China’s 20th Party Congress
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Less than two weeks remain until the Communist Party’s Congress in Beijing. Photo: AP

China’s Communist Party congress to zero in on national direction for next 5 years – and beyond

  • Attention to shift to goal of returning country to the forefront of global powers by 2049
  • Editorial echoes Marxist theme of ‘struggle’ highlighted by the party in recent weeks
China’s leadership will discuss and calibrate the country’s strategy for the next five years and beyond at the Communist Party’s upcoming national congress as it grapples with a “complex and arduous environment at home and abroad”, according to People’s Daily.
In its National Day editorial, the party mouthpiece said the twice-a-decade congress would be critical for China to deliver the second of President Xi Jinping’s “Two Centenaries” goals – to return the nation to the forefront of global powers by 2049, when it celebrates its centenary.

“At the [20th] congress, we will make an overall assessment and scientifically plan the mission objectives and policy directions for the next five years and beyond,” the editorial said without elaboration.

The congress, which gets under way in two weeks, is convened mainly to usher in a power transition and changes in leadership.

While the focus will be personnel issues and not detailed policy deliberations, the top agenda usually includes setting long-term strategic goals.

It was at the 18th congress in 2012 that Xi first put forward the concept of the Two Centenaries and made it the party’s broad ambition.

The Two Centenaries is a set of goals to measure progress in China’s modernisation, calling on China to become “a moderately prosperous society in all respects” by 2021.

By 2049, when the People’s Republic celebrates its 100th anniversary, China should by then be an “a strong, democratic, civilised, harmonious and modern socialist country”.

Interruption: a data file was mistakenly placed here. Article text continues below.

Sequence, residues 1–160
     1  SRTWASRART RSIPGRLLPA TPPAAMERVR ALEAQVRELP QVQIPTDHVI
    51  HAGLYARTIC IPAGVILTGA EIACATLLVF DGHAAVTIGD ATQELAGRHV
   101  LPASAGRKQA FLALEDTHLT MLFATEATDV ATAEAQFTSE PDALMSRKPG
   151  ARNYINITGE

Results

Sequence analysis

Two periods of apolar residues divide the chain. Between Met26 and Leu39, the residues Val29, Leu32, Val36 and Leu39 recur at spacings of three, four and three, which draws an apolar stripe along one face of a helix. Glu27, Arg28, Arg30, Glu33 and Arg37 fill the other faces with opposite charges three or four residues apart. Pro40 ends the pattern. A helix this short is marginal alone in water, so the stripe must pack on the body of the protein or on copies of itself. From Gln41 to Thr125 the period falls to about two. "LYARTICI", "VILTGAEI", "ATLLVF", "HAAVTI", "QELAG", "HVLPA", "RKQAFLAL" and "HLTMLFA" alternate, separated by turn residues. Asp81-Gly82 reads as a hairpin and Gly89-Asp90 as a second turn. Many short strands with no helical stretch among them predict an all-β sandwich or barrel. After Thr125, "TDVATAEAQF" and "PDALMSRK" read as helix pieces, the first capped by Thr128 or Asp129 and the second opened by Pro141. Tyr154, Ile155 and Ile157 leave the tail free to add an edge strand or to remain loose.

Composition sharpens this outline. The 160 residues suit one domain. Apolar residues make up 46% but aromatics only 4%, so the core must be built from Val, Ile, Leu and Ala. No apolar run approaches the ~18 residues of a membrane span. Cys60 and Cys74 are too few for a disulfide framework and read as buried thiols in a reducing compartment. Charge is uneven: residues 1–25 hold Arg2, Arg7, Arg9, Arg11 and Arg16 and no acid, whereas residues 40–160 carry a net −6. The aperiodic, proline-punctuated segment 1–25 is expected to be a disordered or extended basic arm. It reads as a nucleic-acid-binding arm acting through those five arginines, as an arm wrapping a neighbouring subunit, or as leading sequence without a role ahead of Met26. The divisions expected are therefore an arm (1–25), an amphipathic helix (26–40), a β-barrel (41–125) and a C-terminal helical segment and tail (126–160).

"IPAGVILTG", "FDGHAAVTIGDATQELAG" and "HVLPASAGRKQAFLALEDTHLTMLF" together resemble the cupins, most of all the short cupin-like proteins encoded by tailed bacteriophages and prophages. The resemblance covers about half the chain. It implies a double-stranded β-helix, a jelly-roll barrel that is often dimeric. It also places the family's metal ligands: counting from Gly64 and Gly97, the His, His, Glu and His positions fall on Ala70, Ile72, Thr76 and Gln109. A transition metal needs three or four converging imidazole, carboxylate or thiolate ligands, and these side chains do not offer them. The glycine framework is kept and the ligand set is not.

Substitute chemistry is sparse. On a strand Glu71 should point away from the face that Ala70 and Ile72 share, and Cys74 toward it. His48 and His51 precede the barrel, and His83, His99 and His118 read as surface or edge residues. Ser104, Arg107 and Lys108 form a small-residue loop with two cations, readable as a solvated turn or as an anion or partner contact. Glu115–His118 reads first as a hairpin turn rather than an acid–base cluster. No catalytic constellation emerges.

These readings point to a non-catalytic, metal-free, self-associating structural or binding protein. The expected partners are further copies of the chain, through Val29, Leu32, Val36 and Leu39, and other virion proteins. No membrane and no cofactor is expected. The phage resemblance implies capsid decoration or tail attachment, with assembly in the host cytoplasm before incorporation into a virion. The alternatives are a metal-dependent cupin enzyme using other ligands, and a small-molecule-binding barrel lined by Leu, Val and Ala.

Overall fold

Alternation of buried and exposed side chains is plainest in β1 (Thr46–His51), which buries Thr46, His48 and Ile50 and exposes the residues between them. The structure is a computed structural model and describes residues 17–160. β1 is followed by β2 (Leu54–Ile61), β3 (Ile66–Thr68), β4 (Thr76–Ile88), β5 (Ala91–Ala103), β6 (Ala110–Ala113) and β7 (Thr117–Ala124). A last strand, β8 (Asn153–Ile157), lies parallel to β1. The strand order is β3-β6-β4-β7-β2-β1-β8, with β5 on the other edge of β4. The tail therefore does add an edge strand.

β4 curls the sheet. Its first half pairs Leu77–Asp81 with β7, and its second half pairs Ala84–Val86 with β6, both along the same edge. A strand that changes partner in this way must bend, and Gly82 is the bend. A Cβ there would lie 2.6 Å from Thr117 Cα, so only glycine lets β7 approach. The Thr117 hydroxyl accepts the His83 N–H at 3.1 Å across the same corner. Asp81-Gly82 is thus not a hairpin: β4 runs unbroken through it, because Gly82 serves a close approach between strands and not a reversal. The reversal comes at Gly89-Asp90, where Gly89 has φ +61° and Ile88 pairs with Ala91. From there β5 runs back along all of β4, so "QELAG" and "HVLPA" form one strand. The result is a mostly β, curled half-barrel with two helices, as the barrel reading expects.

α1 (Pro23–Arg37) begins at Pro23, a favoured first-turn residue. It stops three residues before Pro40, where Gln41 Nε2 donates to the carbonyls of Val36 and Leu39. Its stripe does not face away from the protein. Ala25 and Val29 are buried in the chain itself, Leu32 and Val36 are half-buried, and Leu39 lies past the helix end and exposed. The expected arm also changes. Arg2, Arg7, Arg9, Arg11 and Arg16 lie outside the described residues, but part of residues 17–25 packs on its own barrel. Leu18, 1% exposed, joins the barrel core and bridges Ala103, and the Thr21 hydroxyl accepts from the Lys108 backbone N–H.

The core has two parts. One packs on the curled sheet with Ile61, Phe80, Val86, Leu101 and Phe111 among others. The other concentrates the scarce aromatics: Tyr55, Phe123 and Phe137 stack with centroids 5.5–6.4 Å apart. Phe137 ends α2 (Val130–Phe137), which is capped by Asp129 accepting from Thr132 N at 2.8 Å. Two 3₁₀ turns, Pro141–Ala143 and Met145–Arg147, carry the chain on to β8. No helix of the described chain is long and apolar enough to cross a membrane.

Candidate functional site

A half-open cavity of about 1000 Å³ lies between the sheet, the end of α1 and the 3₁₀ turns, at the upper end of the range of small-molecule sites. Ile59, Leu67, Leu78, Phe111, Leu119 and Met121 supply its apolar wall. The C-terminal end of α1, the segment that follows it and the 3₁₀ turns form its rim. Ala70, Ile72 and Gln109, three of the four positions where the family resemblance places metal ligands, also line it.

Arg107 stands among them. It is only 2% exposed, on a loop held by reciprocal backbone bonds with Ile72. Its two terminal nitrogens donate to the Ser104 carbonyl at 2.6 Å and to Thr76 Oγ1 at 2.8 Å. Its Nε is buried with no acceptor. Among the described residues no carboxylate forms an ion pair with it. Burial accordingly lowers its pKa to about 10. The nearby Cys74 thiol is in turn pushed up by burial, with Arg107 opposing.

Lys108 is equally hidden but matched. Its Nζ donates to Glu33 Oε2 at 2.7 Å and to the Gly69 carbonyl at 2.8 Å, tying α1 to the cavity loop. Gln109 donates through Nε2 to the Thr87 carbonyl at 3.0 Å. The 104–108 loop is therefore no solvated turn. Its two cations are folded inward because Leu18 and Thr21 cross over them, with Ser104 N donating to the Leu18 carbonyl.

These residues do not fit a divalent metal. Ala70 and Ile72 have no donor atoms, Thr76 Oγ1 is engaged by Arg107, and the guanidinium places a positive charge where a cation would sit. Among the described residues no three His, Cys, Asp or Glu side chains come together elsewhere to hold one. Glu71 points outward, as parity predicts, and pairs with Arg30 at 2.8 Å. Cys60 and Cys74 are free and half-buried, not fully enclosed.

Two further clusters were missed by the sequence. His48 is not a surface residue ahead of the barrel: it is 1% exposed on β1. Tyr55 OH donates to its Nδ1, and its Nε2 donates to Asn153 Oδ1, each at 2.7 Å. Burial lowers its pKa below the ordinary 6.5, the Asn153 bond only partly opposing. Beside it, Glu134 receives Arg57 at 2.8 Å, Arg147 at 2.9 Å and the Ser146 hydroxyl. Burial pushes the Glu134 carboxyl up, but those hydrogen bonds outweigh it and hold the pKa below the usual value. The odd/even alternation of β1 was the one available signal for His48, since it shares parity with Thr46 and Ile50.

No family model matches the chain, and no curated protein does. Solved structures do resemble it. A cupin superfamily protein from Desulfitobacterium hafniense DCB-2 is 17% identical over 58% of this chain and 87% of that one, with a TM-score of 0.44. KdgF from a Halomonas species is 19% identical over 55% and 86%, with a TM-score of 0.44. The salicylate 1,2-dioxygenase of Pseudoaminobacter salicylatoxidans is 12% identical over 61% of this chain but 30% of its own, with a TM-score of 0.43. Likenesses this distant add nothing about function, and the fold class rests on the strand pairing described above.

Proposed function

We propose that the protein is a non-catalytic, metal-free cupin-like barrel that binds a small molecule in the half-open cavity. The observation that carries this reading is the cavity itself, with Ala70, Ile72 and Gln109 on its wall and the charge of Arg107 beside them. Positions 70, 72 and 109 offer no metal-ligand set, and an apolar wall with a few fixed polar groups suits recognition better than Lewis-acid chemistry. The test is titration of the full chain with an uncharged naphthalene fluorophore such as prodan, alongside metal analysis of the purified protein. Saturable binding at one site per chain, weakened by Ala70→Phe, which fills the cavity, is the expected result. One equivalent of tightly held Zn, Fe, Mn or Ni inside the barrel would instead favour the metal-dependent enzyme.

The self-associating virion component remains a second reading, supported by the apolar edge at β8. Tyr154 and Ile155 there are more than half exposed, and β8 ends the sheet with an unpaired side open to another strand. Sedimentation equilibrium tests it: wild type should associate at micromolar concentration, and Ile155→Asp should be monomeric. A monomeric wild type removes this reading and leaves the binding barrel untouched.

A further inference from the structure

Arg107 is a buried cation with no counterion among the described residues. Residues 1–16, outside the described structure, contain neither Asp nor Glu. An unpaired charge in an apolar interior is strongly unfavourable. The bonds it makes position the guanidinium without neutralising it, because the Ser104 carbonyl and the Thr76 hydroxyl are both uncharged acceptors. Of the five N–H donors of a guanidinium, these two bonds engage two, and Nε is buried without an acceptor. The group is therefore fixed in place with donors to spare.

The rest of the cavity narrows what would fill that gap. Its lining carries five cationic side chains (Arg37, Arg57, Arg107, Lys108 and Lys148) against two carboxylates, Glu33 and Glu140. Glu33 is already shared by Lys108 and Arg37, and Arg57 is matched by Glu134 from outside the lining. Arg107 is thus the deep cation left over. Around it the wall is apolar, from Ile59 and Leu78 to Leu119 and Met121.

Once these two missions are completed, the “ Chinese dream” of rejuvenation will be considered achieved.

While the language of the concept is outwardly vague and deliberately lacks detail, it is understood that within the party, more concrete measures – such as economic growth data, environmental statistics and army modernisation benchmarks – are used to gauge progress.

Last year, when the Communist Party celebrated the centenary of its founding, Xi declared that the first part of the Two Centenaries had been attained.

Having achieved that, Xi is expected to focus on the 2049 plan once he begins an anticipated unprecedented third term as the party’s chief at the end of the congress.

The People’s Daily editorial said that at the congress, which starts on October 16, the party leaders would access and review “the two-phase strategy” to realise the goal, an approach that was first announced in November 2020.

In the first phase, China will aim to make significant progress by 2035 in nine areas, including critical core technology, military modernisation, advanced economic systems and carbon neutrality.

This would put the country in a position to make the final push for Xi’s Chinese dream to build China into a “strong, democratic, civilised, harmonious and modern socialist country” by 2049.

The People’s Daily editorial noted that China had gone through a “very unusual and extraordinary” decade since the Two Centenaries concept was raised.

“Since the 18th party congress, we have entered a new era,” it said.

“It has been an extraordinary decade, and we have encountered many risks and challenges, sometimes even faced existential threats. The burdens on our shoulders are rarely seen in the world and in history.

“We must have the courage to carry out a great struggle with many new historical characteristics, be prepared to make more arduous efforts, continue to be modest and prudent, guard against arrogance and impatience, continue to work hard, forge ahead, do our best with our own affairs, and persevere to achieve our established goals.”

The term “struggle”, a Marxist concept referring to defiance of social injustice, has appeared frequently in official statements in the lead-up to the congress, including in a speech by vice foreign minister Ma Zhaoxu last week.

“Our diplomatic struggle is aimed at words and deeds harmful to Chinese national interests and national dignity, [it] safeguards our own legitimate rights and interests, opposes hegemony and bullying, and upholds international fairness and justice,” Ma said.

Xi also used the term in an article published on Saturday in the party journal Qiushi.

In it, he called on Communist Party members to focus on their “historical mission” and prepare for “great struggles” ahead.

Xi said the country “has never been closer” to achieving its great national rejuvenation, but the last mile would be full of perils and challenges.